May 2011

Claude MOLINA* & Jacques GAYRAUD**

1. Microflora and allergy: “Language” for Aesop
2. Blood biomarkers for asthma and chronic bronchitis
3. Resolution to well cooked egg allergy: the tolerance mechanism
4. “Intrinsic” asthma: the come-back

1.    Microflora and allergy :
Theme: Asthma
Key words: Atopy, exacerbation, asthma, virus, ribosomal RNA, microbial diversity, bronchial hyperresponsiveness, eurotium, aspergillus, penicillium, gram (-) germs, hygienic theory, macrolides

Like Aesop’s language,  Microflora may be for Allergy, the best and the worst”of things
1.1.    “The worst of things”
It is well known that infection is strongly associated with asthma exacerbations. A timely reminder is published in an European review with recommendations (N.G.Papadopoulos et al :Allergy 2011 66 458-468). The main responsible agents are respiratory viruses (Rhinovirus, Syncitial virus, type-C-virus, as well as metapneumovirus in children, influenza virus in adults) and bacteria such Chlamydophila and Mycoplasm, more often involved with asthma persistence.
But the mode of action of this microbiota , relatively unknown, is the subject of a very interesting scientific study. In some cases, improvement of respiratory symptoms, after macrolide therapy, has incited a group of American researchers (Yvonne J.Huang et al JACI 2011 127 2 372-381) to detect, through modern, culture-independent, techniques, one or more characteristic microbial profiles in asthmatics’ distal airways, and compare them with clinical features of asthma. In a pilot multicenter study among 65 asthmatic adults, more or less under control thanks to claritromycine treatment (vs 10 healthy control subjects) bronchial epithelial brushings were collected and 16S ribosomal RNA (present in all bacterial cell walls) was sequenced, amplified by PCR and parallel clone library-sequencing analysed.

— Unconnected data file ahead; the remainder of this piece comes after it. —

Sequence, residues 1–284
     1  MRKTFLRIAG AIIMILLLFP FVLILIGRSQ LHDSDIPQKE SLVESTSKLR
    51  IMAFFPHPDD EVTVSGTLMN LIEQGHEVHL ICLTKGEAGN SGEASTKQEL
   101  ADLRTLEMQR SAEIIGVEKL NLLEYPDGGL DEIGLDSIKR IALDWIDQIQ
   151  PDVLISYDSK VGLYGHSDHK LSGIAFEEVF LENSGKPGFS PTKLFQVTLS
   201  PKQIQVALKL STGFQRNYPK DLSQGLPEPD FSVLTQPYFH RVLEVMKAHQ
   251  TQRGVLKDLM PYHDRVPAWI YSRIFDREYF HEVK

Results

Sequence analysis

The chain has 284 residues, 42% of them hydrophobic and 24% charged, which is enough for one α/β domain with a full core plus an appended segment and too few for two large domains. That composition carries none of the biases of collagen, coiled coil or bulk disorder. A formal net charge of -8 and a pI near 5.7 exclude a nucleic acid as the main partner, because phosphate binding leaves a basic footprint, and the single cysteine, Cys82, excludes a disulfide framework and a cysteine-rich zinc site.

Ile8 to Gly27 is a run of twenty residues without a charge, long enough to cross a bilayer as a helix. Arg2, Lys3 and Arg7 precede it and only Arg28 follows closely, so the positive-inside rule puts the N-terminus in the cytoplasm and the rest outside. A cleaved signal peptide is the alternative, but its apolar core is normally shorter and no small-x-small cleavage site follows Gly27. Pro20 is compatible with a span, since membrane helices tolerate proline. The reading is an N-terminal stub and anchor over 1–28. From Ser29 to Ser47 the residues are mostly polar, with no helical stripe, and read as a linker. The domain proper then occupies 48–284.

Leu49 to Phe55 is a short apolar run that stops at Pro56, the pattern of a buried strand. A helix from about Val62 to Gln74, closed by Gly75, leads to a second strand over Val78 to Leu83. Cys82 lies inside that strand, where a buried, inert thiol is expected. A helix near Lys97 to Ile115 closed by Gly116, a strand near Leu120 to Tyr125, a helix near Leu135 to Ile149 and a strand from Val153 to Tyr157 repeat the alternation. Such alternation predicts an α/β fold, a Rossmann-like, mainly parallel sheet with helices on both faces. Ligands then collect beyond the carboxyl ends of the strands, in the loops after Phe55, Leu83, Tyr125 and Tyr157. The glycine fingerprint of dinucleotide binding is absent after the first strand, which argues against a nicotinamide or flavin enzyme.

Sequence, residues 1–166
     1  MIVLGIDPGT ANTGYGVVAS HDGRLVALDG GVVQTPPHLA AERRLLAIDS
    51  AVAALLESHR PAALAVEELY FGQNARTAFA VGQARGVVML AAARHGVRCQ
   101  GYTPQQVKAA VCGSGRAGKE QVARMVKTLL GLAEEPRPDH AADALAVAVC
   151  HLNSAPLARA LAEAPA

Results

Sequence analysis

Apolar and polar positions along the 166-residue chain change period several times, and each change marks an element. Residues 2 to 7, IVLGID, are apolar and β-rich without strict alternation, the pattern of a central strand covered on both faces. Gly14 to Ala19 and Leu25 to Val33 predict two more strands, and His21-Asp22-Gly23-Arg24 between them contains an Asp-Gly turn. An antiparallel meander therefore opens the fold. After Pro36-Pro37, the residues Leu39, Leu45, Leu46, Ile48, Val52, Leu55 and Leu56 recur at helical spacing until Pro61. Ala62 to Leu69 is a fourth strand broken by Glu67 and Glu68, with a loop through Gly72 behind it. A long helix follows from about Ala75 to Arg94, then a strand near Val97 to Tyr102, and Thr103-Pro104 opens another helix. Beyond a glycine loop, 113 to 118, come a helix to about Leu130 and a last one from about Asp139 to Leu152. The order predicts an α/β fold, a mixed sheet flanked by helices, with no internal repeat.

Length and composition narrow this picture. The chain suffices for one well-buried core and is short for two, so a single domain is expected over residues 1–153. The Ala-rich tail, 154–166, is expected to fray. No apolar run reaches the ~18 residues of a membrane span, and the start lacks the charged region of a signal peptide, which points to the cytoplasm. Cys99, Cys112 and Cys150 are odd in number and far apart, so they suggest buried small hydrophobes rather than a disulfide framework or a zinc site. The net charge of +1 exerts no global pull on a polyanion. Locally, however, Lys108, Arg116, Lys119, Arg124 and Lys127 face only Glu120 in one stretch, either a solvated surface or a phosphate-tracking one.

They first observed the great diversity of the microbial population, statistically higher among asthmatic patients than controls. Moreover, comparing patients’ microbiota composition to corresponding clinical criteria, they observed a significant correlation between bacterial diversity and bronchial hyerresponsiveness (BHR). It is difficult to assign this association to a particular group of germs, (about 100 families were analysed and identified, including Comamonadaceae, Sphingomonadaceae, Oxalobacteraceae and other taxons). But it could very well account for the severity and treatment difficulties of certain forms of asthma.

1.2.    “The best of things”
The commensal bacterial flora may be beneficial for allergic and asthmatic patients. Two very interesting studies prove it.
One is an elegant experiment, by N.Harris’s Swiss team (T.Herbst et al. AJRCCM ahead of print 2011 25 Mars) which makes use of a model of allergic airway inflammation in transgenic germ-free mice, then sensitized by ovalbumin, and shows that the induced Th2-type humoral and cellular allergic response is strongly reduced with re-colonization by commensal bacterial flora, such as that detected on human intestinal, pharynx, or bronchial mucosa. It also ensures the recruitment and maturation of immune cells in the lung.
The second excellent study is published by the German-European group, led for many years by Erika Von Mutius and devoted to the beneficial role of farm life in preventing and protecting children against asthma. It appears that exposure to the various microorganisms of agricultural environment accounts for this effect (M.J Ege et al NEJM 2011 364 701-9).
Two groups of children, living on farms and going to school, were the targets of this bacteriological and epidemiological survey :
In the 1st group (over 6000 subjects) samples of mattress dust were screened for bacteria (16S ribosomal DNA) using modern genetic identification techniques; in the 2nd group (over 9000 children), samples of settled dust from children’s rooms taken by electrostatic collectors were evaluated by means of traditional germs and fungus culture.